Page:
Proteins make the fibres of natural spider silk particularly elastic and tear-resistant. Properties that are also well suited for packaging. (Credit: Chase McBride/unsplash)
Weaving a web for the future - Canadian researchers make film from spider silk
Anyone who has walked into a spider’s web knows how tear-resistant the silken thread of a spider is – once you’ve become tangled in the cobweb, it isn’t easy to free yourself from its thin, delicate threads. Spider silk is incredibly tear-resistant and elastic in order to enable spiders to catch their prey.
The Canadian researchers at Cambridge University noticed these amazing properties and started to wonder whether they could mimic them in order to use them in packaging materials. It all started with research into proteins. Yusuf Hamied of the Department of Chemistry investigates what happens if proteins fold incorrectly, and how this is related to conditions such as Alzheimer’s disease. Here, he discovered the positive properties of spider silk: “It was a real surprise to find out that we could also address a big sustainability issue with our research,” comments Tuomas Knowles, who led the research.
Professor Tuomas Knowles, Research Leader at the University of Cambridge (Image: Xampla)
„Because all proteins are made of polypeptide chains, under the right conditions we can cause plant proteins to self-assemble just like spider silk.“
Professor Tuomas Knowles, Research Leader at the University of Cambridge.
The first film packets for dishwasher tablets are currently being trialled. (Photo: Xampla)
From research to the market
The result was a polymer film that mimics the structure of elastic spider silk. The researchers used soya proteins to achieve this. To ensure that the film was also presented to the general public, the University of Cambridge founded the spin-off Xampla with the objective of further developing and marketing this discovery. With this discovery, the researchers have found more than just an alternative to single-use plastic and microplastic. This polymer film is as durable as the plastics that are already widely used in the market and could therefore replace them, particularly for household products.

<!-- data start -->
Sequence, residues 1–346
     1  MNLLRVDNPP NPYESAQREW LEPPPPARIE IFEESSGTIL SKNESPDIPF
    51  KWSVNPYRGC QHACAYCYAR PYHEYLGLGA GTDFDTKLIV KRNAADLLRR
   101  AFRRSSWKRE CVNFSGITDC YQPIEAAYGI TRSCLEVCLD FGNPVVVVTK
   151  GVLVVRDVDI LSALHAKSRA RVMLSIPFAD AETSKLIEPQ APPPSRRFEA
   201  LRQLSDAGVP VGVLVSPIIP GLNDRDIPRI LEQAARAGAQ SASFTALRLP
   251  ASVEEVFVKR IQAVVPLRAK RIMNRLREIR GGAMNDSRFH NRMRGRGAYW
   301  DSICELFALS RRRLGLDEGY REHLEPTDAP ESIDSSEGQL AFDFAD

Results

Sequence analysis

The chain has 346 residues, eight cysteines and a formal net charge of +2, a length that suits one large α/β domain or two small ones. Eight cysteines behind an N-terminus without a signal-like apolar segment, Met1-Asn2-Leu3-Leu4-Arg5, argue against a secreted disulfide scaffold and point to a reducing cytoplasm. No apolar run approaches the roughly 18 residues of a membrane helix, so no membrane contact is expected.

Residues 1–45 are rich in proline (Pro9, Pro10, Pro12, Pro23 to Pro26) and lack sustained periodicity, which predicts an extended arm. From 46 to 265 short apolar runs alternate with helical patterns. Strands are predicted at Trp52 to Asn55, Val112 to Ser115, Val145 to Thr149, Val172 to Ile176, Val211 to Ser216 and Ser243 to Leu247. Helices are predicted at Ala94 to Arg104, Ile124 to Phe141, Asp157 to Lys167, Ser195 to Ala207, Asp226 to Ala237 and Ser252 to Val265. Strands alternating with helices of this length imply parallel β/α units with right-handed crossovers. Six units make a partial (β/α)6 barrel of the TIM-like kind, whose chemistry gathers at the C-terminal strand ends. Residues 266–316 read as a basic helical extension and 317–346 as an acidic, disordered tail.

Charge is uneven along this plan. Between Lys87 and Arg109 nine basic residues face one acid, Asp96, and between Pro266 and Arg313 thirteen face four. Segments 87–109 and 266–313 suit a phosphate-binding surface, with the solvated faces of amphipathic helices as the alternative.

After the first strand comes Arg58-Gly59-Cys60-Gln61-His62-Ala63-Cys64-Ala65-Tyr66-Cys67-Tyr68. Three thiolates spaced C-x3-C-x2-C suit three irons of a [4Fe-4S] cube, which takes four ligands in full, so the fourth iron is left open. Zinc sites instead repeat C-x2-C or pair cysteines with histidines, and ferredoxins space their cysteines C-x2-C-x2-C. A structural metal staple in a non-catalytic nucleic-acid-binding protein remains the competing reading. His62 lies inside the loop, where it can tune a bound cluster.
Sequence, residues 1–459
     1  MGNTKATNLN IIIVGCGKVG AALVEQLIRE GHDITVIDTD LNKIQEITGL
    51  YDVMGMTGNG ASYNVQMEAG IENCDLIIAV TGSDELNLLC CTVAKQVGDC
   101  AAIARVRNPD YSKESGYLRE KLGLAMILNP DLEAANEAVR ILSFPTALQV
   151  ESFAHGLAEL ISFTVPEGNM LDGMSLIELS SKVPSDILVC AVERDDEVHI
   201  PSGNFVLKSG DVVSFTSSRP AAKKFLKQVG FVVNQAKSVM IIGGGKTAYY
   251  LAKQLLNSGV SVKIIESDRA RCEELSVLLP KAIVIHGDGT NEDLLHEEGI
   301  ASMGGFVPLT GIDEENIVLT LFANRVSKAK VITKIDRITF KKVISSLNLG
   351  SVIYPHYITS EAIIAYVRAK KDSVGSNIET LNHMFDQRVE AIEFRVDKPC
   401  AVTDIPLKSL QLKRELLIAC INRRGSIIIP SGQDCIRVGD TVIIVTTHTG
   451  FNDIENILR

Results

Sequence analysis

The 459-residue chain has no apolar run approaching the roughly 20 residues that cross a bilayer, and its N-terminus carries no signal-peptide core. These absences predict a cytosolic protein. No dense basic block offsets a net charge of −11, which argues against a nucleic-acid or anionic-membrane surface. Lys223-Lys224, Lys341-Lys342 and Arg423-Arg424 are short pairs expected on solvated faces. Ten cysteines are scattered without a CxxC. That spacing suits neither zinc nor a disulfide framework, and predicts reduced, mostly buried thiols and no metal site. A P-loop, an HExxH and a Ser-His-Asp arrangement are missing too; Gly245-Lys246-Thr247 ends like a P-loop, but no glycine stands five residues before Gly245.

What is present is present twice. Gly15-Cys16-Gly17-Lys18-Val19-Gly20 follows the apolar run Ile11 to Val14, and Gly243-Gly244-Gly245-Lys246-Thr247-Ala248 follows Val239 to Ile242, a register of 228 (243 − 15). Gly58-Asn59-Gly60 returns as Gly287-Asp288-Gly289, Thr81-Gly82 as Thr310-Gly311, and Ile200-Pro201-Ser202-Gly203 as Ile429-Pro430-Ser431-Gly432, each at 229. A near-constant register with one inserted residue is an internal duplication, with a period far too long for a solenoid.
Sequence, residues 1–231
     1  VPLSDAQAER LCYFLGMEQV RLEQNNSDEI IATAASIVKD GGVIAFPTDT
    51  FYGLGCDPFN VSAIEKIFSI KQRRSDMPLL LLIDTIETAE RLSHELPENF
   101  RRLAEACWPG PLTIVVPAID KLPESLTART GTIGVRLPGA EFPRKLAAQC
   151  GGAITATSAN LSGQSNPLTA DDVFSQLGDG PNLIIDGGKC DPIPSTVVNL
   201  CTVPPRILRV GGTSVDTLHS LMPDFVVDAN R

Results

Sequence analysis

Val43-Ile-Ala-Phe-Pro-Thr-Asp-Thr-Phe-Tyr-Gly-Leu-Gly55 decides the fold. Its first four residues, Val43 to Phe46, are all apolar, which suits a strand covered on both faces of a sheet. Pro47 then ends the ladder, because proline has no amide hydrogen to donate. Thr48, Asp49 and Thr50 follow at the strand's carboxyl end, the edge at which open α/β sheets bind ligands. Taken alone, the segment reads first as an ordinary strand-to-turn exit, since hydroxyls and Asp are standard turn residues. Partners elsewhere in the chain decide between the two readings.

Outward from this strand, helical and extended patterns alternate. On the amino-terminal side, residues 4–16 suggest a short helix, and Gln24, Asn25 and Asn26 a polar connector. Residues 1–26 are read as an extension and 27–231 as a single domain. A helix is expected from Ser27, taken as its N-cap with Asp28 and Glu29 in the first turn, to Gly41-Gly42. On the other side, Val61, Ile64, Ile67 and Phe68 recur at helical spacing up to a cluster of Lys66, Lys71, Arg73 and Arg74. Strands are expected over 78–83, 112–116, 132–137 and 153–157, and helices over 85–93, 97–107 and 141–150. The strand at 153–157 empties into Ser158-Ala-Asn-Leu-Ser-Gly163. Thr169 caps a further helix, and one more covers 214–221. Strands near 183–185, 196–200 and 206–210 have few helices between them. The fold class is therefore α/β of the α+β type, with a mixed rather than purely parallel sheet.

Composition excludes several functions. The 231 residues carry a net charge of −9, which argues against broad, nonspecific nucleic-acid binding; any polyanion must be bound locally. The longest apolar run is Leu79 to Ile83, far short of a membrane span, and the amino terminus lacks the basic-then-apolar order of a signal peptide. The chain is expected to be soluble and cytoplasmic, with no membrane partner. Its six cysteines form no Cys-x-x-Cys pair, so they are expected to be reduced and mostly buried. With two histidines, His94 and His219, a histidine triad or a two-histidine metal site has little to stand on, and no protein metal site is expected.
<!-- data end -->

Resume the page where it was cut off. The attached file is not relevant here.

Before this happens, an alternative made from this spider silk still needs to be rendered ready for the market, and Xampla is up to the task. Up until this point, the company has been testing the first sustainable film packaging for dishwasher tablets.
Simon Hombersley, CEO Xampla (Bild: Xampla)
„We are currently in the trial phase, so that we can launch on the market next year. The material will be developed as a drop-in solution for existing film casting systems.“ Simon Hombersley, CEO of Xampla.
Vegan spider silk... without the spider
On the path to creating a marketable product, the researchers specifically focused on the positive properties of sticky spider silk. “Within the scope of our protein research, we were also interested in looking at why materials such as spider silk are so strong even though they have such weak molecular bonds,” explains Dr. Marc Rodriguez Garcia, who was previously a postdoctoral researcher in Knowles’ group and is now Head of the Research and Development Department at Xampla.
Again, the actual research into the properties of proteins was put to use, as the order of the proteins can be controlled – therefore, they can be made to mimic the structure of the spider silk proteins. A further sustainable advantage of plant proteins also became clear: They can be sourced sustainably as by-products of the food industry and are available in abundance.
The three founders of Xampla (from left to right): CEO Simon Hombersley, Head of Research at the University of Cambridge Professor Tuomas Knowles and Head of Research Dr Marc Rodriguez Garcia (Credit: Xampla)
Dr. Marc Rodriguez Garcia, Head of Research (Bild: Xampla)
„Other researchers have been working directly with silk materials as a substitute for plastic, but they’re still an animal product. In a way, we’ve come up with ‘vegan spider silk’ – we’ve created the same material without the spider.“
Dr. Marc Rodriguez Garcia, Head of the Research and Development Department at Xampla
The film made of vegan spider silk can even keep up with high-performance plastics. Technically speaking, it is similar to low-density polyethylene (LDPE) and also provides the important barrier properties that this plastic manifests: the oxygen and grease barrier properties are amazing. In terms of its reactions to moisture, vegan spider silk is comparable to conventional bioplastics. A further benefit: The polymer film can be produced on an industrial scale and is designed as a drop-in solution. However, the research isn't stopping there. Currently, the vegan spider silk is being tested for manufacturing waterproof coatings.
The new polymer film made of plant proteins mimics the properties of a spider’s thread. (Photo: Xampla)
Vegan spider silk sets itself apart as a very sustainable packaging alternative because it can be composted at home, and this is an important factor in environmental protection. Maybe a few real spiders will get in on the composting action and show us the amazing properties of spider silk live!
„Over the next few years, we will see who comes out on top in the alternative plastics sector. Here at Xampla, we want to be one of these winners and seek to serve customers in all packaging applications.“ Xampla CEO Simon Hombersley